Must Read – Cory Doctorow on Illegal filesharing: A suicide note from the music industry

Use your wrists, Mr. Record Company Exec...

Cory Doctorow’s article in the Guardian.co.uk (it’s British, so the law doesn’t necessarily apply to the Americans in the crowd…) has an outrageously good look at how the record industry blew it  with their incredibly transparent and stupendously idiotic plan to stop music piracy.

This month’s announcement of a back-room deal between ISPs (internet service providers) and the big record companies to spy on suspected copyright infringers and reduce the quality of their internet connections is just the latest paragraph in the record industry’s long, self-pitying suicide note, and it’s left me wishing they’d just pull the trigger already and stop beating their chests and telling us all how unfair it all is.

Under the new scheme, the rule of law is replaced by a cosy inter-industry deal. Whereas before, anyone who wanted your ISP to spy on your internet connection would have had to show evidence to a judge and get a court order, now any joker who claims to be an aggrieved copyright holder can do so.

Really…the music industry couldn’t do a better job of vilifying themselves if they’d decided to start making dvds out of freshly clubbed seals.  Once again, they’re not only wrong-headed, they’re aggressively evil in a Bond-ian-villain sort of manner.

This is why I tend to run jam bands, jazz bands, anything but mainstream acts on the Friday Music Video; I simply cannot support the record companies.  I’d rather support the artists directly.  I buy direct from artist sites, or download live shows at Archive.org for my IPhone/IPod and I do the same as much as I can for my daughters.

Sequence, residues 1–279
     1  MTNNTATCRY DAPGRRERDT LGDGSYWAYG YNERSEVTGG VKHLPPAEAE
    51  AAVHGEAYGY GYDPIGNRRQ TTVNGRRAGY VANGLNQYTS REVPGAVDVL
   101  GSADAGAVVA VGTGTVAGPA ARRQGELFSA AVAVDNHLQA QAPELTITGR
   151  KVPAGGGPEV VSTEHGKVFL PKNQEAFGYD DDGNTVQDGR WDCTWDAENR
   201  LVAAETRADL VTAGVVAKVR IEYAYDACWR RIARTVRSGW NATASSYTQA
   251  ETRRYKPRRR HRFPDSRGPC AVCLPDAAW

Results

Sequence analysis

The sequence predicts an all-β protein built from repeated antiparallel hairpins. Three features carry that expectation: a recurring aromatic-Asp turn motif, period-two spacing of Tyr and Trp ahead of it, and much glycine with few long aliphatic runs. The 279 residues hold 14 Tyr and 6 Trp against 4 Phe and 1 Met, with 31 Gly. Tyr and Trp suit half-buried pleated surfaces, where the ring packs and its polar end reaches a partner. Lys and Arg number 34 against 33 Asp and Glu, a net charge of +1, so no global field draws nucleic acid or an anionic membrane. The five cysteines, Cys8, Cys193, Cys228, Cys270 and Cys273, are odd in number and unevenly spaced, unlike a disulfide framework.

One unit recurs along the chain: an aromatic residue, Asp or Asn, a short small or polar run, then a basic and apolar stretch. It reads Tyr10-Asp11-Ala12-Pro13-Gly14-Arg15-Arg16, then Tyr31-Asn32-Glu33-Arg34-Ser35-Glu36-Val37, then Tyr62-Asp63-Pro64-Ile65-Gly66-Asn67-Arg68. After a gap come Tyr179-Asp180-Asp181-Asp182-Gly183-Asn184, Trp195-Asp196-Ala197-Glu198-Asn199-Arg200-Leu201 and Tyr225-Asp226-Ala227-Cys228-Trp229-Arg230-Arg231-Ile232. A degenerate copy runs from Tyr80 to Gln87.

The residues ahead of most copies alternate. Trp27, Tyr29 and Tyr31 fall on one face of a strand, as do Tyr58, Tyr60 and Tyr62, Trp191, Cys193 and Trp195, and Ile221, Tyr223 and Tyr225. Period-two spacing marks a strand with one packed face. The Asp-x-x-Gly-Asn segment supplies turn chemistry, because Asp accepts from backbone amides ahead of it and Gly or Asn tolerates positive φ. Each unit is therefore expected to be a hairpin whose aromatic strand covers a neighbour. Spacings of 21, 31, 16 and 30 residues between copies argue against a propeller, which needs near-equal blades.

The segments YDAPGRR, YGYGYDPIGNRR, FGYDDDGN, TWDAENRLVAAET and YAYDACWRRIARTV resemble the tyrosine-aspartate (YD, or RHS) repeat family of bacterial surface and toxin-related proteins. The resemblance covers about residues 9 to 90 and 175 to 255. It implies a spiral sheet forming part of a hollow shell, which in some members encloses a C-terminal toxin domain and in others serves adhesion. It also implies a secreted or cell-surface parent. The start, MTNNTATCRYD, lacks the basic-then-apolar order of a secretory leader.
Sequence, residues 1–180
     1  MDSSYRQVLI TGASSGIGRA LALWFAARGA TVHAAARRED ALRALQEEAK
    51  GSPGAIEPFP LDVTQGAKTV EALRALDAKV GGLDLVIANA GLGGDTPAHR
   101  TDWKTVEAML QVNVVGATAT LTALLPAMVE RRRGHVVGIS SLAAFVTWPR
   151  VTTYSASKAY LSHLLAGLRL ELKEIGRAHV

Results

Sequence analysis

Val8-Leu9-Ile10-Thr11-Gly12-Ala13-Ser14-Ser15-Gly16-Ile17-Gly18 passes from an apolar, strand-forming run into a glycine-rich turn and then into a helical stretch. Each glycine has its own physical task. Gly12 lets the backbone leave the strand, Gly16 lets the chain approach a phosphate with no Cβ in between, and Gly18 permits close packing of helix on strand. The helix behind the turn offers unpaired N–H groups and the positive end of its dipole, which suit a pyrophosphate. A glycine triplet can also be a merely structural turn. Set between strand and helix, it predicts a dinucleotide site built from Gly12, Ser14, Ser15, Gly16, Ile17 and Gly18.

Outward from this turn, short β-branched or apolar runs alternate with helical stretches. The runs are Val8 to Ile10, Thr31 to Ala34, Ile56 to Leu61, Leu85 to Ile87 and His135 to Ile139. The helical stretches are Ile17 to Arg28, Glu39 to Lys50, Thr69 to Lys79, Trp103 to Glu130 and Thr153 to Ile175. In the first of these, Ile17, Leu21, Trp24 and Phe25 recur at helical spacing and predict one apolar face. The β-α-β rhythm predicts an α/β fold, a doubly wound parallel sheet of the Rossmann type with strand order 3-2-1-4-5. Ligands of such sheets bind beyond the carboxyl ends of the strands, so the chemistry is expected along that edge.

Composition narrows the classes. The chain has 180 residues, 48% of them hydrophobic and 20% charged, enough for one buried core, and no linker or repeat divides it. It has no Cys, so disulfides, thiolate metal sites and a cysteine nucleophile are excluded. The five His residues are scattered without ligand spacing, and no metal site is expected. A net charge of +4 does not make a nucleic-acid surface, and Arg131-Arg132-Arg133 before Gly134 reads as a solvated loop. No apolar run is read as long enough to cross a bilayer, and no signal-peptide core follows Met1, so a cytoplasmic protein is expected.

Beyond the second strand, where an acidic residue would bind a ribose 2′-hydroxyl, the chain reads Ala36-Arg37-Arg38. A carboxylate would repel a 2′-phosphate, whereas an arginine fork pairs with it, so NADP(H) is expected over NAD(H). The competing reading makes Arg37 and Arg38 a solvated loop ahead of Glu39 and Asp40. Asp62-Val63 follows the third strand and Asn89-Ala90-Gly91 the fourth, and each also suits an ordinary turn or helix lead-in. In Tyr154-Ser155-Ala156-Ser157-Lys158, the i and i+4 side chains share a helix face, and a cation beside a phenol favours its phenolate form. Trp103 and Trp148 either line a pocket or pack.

If the record companies could envision a world in which we are something other than a completely captive audience, I may rethink things.  Cory offers these suggestions:

…when the record companies objected to the radio stations playing their discs without compensation or permission, the answer was a blanket licence for records played on air. It’s the tried-and-true answer to the problem of copyright-disrupting technology:

  • acknowledge that it’s going to happen;
  • find a place to collect a toll;
  • charge a fee that’s low enough to get buy-in from the majority;
  • ignore the penny-ante fee evaders;
  • sue the blistering crap out of the big-time fee-evaders.

The ideas not new.  It’s been around since filesharing first threatened to rob a record exec of the means to pay for his beemer.  The point is this, they’ve now gone so far as to have made themselves unsalvageable.  In ancient days, you had one opportunity to save your city when you came under siege – surrender before we have to attack.  Once the attacks begin, your city will surely be sacked, the buildings burned and the women ravished when the walls are breached.

Now we’re at the point where anything less than completely sacking the record companies won’t suffice.